Thousands of experiments are conducted worldwide each year that involve genetically modifying organisms and viruses. Genetic engineering of model organisms’ genomes, usually to alter the expression of a protein, is an essential tool for researchers to investigate the in vivo function of genes and their regulation. With so many manipulations happening at any given time, it can be expected that some of them will generate unexpected results or even ones with potential “dual-use” implications.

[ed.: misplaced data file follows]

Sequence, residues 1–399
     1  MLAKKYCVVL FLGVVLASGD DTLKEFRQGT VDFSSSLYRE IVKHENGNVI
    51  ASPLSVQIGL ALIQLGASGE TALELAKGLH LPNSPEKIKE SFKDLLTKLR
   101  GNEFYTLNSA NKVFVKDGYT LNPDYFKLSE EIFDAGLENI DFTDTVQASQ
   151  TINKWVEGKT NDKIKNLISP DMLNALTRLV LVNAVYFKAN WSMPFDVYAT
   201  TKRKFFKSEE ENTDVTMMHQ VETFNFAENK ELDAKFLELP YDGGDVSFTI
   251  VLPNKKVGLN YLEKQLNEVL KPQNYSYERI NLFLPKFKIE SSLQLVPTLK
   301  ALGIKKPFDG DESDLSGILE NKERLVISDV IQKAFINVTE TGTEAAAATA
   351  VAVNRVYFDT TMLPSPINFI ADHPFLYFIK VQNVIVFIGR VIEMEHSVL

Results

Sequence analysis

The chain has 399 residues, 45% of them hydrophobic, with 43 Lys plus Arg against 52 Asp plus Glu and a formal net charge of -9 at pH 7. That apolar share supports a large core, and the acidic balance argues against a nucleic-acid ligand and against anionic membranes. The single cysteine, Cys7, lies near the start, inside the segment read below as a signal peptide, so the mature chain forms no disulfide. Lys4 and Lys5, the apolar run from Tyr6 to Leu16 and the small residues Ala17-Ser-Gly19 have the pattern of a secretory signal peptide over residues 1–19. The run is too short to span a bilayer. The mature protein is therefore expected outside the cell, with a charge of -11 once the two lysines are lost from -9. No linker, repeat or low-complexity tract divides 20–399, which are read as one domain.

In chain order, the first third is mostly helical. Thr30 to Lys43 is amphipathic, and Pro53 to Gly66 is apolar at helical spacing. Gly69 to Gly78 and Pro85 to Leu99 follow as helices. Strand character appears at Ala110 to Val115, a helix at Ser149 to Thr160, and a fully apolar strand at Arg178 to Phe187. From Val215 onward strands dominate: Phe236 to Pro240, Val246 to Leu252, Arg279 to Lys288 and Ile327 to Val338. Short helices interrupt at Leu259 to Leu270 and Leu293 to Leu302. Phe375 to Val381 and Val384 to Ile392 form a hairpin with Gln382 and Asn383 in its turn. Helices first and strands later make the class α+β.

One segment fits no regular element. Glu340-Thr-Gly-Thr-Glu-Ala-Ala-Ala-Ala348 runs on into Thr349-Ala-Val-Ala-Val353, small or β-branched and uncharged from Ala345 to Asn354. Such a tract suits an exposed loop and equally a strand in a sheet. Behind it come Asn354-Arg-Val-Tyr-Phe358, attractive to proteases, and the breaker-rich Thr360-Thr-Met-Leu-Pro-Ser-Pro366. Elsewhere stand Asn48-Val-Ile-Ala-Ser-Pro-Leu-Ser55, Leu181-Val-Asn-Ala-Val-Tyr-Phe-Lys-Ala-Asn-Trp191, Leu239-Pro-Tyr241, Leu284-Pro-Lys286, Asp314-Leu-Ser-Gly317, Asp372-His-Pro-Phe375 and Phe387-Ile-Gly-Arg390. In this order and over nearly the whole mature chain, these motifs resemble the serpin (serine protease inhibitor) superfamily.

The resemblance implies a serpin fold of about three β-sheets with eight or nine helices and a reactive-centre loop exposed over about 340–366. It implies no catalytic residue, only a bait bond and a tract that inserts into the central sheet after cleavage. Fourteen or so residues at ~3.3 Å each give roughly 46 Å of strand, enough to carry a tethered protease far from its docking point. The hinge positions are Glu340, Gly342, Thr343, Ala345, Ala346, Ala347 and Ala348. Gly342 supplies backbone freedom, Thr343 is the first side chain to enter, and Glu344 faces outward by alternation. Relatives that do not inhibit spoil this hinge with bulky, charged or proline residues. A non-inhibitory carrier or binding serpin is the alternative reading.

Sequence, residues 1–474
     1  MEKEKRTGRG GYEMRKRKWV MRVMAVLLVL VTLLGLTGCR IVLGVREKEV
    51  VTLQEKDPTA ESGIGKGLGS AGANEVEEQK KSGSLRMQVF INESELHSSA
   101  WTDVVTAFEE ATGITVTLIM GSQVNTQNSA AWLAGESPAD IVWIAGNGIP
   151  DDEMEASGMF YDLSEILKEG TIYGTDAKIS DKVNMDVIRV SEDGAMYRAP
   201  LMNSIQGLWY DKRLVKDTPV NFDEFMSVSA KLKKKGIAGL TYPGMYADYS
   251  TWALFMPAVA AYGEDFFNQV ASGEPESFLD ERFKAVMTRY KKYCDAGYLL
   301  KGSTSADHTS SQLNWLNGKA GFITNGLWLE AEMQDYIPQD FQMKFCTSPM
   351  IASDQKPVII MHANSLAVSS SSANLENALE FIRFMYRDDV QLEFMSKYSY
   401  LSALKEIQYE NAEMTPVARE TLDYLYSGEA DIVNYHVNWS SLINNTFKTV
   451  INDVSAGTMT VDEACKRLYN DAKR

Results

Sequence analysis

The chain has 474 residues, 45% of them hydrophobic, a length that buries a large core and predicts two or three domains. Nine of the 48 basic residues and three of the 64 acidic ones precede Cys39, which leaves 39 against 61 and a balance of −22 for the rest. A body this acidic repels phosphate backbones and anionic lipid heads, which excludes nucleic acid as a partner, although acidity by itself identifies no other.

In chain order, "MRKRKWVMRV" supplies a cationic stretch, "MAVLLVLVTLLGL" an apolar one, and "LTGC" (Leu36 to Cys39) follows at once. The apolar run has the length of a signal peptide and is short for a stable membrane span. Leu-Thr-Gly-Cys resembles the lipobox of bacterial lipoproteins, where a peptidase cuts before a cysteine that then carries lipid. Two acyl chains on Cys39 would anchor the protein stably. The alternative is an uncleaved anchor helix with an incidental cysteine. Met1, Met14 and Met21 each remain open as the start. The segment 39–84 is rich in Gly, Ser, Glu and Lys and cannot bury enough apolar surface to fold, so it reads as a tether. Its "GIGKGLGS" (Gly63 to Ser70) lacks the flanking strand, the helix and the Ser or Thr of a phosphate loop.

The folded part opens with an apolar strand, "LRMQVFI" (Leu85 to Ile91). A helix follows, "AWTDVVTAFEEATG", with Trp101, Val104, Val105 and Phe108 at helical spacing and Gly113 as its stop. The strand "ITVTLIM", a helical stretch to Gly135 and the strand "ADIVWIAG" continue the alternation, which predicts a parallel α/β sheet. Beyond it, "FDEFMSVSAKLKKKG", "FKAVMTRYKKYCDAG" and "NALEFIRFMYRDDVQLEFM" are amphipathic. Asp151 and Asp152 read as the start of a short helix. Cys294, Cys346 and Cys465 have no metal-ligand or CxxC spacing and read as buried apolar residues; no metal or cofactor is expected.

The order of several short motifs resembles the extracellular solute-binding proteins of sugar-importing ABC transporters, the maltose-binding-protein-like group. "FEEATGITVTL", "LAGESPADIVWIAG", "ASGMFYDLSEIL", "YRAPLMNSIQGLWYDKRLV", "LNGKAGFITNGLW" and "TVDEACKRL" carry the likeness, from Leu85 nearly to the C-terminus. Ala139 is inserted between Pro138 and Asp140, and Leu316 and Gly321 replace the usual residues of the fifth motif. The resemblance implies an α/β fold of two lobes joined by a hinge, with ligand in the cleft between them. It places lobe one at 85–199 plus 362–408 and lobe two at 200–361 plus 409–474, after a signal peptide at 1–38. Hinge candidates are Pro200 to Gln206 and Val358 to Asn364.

One such experiment published in the Journal of Virology shortly before the 2001 anthrax attacks was a lightning rod for concerns over how genetic engineering may contribute to bioweapons development. In an attempt to create a contraceptive vaccine for mice as means of pest control, Drs. Ron Jackson and Ian Ramshaw used the mousepox virus to express high levels of an egg protein in female mice to trigger an immune response. The idea is simple; if enough egg protein is expressed, then female mice will develop an immune response to their own eggs and become sterile. To begin with, the researchers inserted the gene for interleukin-4 (IL-4) into the mousepox virus to maximize the formation of antibodies. Surprisingly, the virus expressing IL-4 suppressed the normal immune response of mice, killing most of them, including those vaccinated against the mousepox virus. Since mousepox is a member of the same family of viruses as smallpox, the results clearly demonstrated that genetic engineering has the potential to render existing smallpox vaccines useless.